Winning the game: Brain processes in expert, young elite and amateur table tennis players

Sebastian Wolf, Ellen Brölz, David Scholz, Ander Ramos-Murguialday, Philipp M. Keune, Martin Hautzinger, Niels Birbaumer, Ute Strehl

Research output: Contribution to journalArticlepeer-review


This study tested two hypotheses: (1) compared with amateurs and young elite, expert table tennis players are characterized by enhanced cortical activation in the motor and fronto-parietal cortex during motor imagery in response to table tennis videos; (2) in elite athletes, world rank points are associated with stronger cortical activation. To this aim, electroencephalographic data were recorded in 14 expert, 15 amateur and 15 young elite right-handed table tennis players. All subjects watched videos of a serve and imagined themselves responding with a specific table tennis stroke. With reference to a baseline period, power decrease/increase of the sensorimotor rhythm (SMR) during the pretask- and task period indexed the cortical activation/deactivation (event-related desynchronization/synchronization, ERD/ERS). Regarding hypothesis (1), 8-10 Hz SMR ERD was stronger in elite athletes than in amateurs with an intermediate ERD in young elite athletes in the motor cortex. Regarding hypothesis (2), there was no correlation between ERD/ERS in the motor cortex and world rank points in elite experts, but a weaker ERD in the fronto-parietal cortex was associated with higher world rank points. These results suggest that motor skill in table tennis is associated with focused excitability of the motor cortex during reaction, movement planning and execution with high attentional demands. Among elite experts, less activation of the fronto-parietal attention network may be necessary to become a world champion.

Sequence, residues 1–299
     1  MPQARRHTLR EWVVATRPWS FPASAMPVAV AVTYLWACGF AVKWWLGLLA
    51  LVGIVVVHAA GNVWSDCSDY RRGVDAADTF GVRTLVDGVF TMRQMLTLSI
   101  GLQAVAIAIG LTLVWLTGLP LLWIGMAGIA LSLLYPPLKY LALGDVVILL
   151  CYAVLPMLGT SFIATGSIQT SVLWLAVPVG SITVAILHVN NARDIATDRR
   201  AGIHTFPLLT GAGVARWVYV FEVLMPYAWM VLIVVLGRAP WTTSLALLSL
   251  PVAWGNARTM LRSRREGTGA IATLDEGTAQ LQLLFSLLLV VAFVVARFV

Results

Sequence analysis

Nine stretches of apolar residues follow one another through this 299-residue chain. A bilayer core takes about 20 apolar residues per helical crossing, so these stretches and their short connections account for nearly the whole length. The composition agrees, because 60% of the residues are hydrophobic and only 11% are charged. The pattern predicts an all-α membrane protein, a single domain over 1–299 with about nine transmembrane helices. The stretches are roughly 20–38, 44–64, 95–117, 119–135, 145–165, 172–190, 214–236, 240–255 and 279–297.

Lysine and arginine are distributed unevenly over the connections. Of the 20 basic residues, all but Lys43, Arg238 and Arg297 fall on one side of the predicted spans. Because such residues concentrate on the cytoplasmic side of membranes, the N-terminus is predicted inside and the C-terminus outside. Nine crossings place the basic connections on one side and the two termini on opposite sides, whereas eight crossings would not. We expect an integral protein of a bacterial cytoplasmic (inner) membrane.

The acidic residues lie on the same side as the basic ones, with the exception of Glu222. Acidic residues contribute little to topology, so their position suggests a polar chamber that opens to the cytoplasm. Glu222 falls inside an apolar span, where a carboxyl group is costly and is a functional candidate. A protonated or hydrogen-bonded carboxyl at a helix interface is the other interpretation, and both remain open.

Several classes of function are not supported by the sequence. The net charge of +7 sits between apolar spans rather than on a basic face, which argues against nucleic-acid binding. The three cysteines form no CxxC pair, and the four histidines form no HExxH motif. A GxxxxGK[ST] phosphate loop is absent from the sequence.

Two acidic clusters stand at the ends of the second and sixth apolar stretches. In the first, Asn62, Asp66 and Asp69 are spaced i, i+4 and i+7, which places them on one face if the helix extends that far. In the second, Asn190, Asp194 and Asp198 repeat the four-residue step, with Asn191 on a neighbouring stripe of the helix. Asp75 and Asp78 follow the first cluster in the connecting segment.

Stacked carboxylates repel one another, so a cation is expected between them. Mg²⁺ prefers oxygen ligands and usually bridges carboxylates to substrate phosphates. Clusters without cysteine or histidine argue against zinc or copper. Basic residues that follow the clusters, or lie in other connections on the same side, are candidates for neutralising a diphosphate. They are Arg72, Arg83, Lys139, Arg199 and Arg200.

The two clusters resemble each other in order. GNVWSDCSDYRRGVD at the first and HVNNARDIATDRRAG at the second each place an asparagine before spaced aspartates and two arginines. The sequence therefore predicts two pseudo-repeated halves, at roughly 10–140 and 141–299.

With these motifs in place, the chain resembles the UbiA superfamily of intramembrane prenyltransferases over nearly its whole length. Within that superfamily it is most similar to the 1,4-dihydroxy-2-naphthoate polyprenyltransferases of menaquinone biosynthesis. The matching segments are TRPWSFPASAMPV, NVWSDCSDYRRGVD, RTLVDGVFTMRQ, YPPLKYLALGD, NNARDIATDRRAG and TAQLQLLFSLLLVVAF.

Original languageEnglish
Article number370
JournalFrontiers in Behavioral Neuroscience
Issue numberOctober
Publication statusPublished - Oct 27 2014


  • EEG
  • Elite athletes
  • Motor efficiency
  • Motor skill
  • Sensorimotor rhythm
  • Table tennis

ASJC Scopus subject areas

  • Behavioral Neuroscience
  • Cognitive Neuroscience
  • Neuropsychology and Physiological Psychology


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